Manual spreadsheets simply aren’t powerful or fast enough to enable comprehensive, continuous planning. And without that, you can’t keep up with the pace of modern business. This is why some FP&A specialists use the phrase “spreadsheet-itis.” It’s not only that spreadsheets involve cumbersome and untimely reporting, but they also can deny managers and employees a single, unified view of vital data—one version of the truth.
Problems with maintaining undocumented or documented spreadsheets also occur when the employee who developed the spreadsheet transfers elsewhere in the organisation or departs it altogether.
Here are five signs organisations have outgrown spreadsheets
Sign #1: Manual processes that hamper company-wide planning
Depending solely on spreadsheets keeps finance teams mired in manual processes, overburdened with approaching deadlines, and stuck investigating broken links and errors.
There may be good spreadsheet reports within a given department, but generally the rest of the organisation is not aware of them. Additional pain results when other departments re-create their own version of the same report—a wasteful duplication of effort. With multiple spreadsheets, when data differs, which are the right numbers?
Even non-profits like Goodwill Industries aren’t immune to these issues. Goodwill relied on business managers across the organisation to provide information for budgets and forecasts. As more people got involved, it became nearly impossible to ensure that the consolidated sheets were accurate and aligned, and company-wide planning became a huge challenge.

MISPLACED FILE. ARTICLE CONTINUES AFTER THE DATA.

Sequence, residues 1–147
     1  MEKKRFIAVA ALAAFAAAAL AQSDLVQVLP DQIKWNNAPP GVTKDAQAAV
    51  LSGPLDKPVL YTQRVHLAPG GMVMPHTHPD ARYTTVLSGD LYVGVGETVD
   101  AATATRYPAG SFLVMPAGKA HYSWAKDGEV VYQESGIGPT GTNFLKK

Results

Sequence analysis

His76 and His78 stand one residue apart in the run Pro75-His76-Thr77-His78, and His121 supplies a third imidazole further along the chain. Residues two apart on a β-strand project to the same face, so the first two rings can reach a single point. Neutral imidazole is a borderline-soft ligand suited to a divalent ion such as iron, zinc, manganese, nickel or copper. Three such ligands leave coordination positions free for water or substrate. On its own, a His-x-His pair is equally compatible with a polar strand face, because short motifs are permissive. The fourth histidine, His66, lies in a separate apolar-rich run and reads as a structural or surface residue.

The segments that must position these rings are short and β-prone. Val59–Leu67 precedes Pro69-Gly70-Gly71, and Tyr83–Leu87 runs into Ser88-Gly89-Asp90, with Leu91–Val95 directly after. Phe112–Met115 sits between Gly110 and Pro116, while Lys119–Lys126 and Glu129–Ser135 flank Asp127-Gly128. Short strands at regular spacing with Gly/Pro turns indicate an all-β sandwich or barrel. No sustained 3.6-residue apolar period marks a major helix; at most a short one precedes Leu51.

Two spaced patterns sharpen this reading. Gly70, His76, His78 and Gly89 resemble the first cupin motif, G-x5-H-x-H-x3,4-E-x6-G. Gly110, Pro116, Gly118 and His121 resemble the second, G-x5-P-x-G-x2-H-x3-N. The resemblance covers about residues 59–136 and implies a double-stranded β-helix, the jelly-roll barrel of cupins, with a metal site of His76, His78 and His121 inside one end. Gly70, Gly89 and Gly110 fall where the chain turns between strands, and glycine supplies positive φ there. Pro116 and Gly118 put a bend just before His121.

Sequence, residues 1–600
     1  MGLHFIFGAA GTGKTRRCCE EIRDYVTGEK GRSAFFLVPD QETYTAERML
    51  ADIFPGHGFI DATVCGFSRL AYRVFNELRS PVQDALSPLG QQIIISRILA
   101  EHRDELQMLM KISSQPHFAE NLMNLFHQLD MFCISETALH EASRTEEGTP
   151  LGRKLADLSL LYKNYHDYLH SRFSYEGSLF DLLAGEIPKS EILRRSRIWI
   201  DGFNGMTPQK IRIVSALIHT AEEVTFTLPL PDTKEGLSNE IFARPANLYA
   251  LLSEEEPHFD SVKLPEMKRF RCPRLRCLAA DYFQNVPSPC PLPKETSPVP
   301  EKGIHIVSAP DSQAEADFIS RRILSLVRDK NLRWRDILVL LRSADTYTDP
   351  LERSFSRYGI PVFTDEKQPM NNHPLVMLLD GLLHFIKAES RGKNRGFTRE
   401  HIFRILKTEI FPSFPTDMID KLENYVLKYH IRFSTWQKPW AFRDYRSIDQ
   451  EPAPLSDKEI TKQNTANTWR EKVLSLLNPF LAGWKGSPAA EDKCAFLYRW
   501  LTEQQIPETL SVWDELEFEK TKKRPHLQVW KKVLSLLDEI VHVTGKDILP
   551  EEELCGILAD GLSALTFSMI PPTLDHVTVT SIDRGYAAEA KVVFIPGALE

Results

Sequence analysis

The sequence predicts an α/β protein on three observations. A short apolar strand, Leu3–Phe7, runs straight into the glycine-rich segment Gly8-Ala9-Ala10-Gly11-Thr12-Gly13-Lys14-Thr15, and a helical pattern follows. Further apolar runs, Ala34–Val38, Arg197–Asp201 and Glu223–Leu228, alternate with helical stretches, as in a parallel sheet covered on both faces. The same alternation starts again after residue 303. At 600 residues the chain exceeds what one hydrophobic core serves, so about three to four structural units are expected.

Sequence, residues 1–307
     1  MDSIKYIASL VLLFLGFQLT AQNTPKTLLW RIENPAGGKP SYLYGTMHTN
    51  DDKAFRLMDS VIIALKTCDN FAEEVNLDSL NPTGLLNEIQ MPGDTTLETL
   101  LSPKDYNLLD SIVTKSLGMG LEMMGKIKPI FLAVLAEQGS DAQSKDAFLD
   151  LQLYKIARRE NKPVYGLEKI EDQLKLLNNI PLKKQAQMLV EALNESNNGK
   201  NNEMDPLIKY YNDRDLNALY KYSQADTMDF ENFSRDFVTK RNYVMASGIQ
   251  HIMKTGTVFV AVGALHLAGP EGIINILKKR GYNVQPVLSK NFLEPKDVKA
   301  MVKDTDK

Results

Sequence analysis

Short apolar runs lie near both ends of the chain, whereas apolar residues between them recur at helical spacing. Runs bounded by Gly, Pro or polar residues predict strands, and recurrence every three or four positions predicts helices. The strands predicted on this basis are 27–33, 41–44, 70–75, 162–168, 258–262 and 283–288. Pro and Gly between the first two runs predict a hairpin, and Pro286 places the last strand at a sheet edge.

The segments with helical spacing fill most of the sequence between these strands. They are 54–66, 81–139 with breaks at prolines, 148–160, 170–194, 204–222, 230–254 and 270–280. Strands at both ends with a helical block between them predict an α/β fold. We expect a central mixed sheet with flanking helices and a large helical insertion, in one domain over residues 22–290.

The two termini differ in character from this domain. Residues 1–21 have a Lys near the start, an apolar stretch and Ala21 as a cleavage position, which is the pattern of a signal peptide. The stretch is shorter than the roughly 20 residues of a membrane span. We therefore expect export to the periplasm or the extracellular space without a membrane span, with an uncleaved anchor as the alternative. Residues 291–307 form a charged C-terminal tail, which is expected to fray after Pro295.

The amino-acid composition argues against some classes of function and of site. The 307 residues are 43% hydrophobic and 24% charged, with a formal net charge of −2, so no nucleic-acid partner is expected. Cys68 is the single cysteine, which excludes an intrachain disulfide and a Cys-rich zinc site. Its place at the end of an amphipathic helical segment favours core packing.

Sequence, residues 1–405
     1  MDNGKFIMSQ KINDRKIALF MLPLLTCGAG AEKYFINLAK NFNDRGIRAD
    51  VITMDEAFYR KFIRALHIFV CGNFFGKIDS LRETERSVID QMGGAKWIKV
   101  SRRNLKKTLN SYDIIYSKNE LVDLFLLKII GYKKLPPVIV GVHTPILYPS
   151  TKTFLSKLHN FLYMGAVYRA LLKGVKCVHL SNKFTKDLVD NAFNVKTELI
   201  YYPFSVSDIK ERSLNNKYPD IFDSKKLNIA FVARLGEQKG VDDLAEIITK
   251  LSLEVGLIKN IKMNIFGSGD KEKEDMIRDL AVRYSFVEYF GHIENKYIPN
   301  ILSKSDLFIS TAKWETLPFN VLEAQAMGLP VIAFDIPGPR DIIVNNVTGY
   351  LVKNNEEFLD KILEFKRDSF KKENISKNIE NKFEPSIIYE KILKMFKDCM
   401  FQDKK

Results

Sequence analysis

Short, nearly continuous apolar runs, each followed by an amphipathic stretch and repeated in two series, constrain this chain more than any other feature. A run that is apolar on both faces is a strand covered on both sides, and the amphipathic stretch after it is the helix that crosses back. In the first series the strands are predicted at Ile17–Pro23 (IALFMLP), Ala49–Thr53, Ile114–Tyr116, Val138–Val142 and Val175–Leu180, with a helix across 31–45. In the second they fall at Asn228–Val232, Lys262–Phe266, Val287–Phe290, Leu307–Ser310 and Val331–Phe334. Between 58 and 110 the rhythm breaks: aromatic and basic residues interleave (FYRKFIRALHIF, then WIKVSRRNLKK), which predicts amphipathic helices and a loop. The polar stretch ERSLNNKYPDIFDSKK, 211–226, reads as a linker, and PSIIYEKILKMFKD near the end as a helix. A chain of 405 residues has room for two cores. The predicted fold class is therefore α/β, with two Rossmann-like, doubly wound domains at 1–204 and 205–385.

Today, Goodwill uses a cloud-based budgeting solution that includes everyone in a comprehensive, continuous planning process that automates calculations, supports self-service reporting, and frees finance to help drive strategy, not just run reports.
Sign #2: Long budget cycles and out-of-date numbers
The time it takes to generate, share, and maintain reports every month is one of the biggest burdens of manual spreadsheet reporting. By the time you’ve gathered all the numbers, fixed formulas, and created an annual plan, your numbers are likely out-of-date.
Take for example Barry University, a private college in Florida. With over 100 managers, 15 teams, and 150 business units, the university previously took between five and six months to prepare the budget, generating hundreds of spreadsheets and creating confusion and chaos.
Barry University eventually turned to a cloud-based planning software solution that dramatically decreased budget cycle times, increased accuracy, and aligned departments behind the same source of data.
Sign #3: Infrequent forecasts and budgets
Annual budgets and disjointed processes can’t keep up with today’s fast-paced business environment. Budgets are out-of-date soon after they are published. And quarterly forecasts are routinely obsolete by the time they’re finalised.